We drove for about 3 hours to get us back to the Country Cupboard. There is a hotel associated with the restaurant, so we stayed there. That got us out of the city and within a decent day’s drive from home for the next day.

I forget what we did for lunch. I think it was snacky stuff in the van on the way to the hotel. The plan was not to eat too much for lunch so that the kids would eat their money’s worth at the buffet.

It was nice to get out of the city. Not just NYC, but also Philly and the parts of NJ that we drove through. It felt more free being where there was some open countryside and mature trees.

We got to the hotel and checked in. The kids were ready to eat, so we headed over to the buffet. Well, restaurant really. It’s not a buffet until after 4:00, which it wasn’t yet. We had to kill about 20 minutes, which is easy to do because they have a large store attached to the restaurant.

Promptly at 4:00, we checked back in with the restaurant hostess and we made our way to the buffet. The food was still good, but it seemed like the selection was a little smaller, plus the drink refills were not free anymore. They’ve made some adjustments to the business in the two years since we had been there. Still recommended though.

Walk back over to the hotel after dinner. The hotel was nice – an indoor and an outdoor pool. We tried the outdoor pool, then we switched to the indoor pool for the rest of the time. It was warmer, it was emptier, and it had the hot tub and sauna. We were the only people in that pool/hot tub/sauna area the whole time.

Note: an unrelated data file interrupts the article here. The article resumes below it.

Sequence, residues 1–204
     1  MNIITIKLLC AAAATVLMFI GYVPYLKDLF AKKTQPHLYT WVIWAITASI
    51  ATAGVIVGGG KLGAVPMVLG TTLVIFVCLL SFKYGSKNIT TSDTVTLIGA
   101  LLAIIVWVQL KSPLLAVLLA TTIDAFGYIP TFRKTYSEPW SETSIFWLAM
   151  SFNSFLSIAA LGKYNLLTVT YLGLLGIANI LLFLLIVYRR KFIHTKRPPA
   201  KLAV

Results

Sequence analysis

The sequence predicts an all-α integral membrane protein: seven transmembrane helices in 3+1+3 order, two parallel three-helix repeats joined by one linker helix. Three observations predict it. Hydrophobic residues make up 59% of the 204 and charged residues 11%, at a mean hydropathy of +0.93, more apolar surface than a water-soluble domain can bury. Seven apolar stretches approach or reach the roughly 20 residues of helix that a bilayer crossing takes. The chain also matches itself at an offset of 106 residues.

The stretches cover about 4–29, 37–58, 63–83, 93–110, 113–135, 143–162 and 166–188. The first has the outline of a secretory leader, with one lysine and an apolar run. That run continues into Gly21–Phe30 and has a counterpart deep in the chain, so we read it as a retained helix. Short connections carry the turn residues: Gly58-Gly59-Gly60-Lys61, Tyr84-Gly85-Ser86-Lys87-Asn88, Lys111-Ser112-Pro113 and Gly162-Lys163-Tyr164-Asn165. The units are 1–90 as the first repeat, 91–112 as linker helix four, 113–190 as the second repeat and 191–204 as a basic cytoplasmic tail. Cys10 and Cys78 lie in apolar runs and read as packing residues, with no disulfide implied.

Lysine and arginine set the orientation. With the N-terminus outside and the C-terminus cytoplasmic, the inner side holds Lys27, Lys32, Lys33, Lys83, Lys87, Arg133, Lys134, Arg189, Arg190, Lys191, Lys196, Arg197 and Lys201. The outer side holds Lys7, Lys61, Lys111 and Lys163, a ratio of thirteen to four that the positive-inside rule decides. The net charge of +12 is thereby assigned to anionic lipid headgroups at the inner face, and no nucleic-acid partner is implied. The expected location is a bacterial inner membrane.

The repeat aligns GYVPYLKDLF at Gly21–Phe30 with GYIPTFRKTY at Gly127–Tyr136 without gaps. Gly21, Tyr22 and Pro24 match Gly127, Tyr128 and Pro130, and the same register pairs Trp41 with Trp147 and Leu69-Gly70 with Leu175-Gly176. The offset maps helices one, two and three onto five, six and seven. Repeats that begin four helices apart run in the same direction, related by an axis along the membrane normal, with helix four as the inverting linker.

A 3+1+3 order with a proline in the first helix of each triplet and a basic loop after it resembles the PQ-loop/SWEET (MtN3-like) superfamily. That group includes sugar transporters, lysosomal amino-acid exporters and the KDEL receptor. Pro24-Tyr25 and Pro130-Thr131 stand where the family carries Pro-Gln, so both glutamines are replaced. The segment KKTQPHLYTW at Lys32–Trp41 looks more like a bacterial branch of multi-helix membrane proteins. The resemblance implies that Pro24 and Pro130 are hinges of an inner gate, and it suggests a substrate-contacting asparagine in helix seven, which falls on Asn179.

Then the usual bedtime routine.

Day 7

Had a nice breakfast in the hotel breakfast area. Got the van packed up, and we headed home. Standard interstates on the way home, and the drive was unremarkable.

The End.

How is the land in which they live, is it good or bad? And how are the cities in which they live, are they like open camps or with fortifications?

Numbers 13:19

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This little article thingy was written by Some Guy sometime around 12:51 pm and has been carefully placed in the Travel category.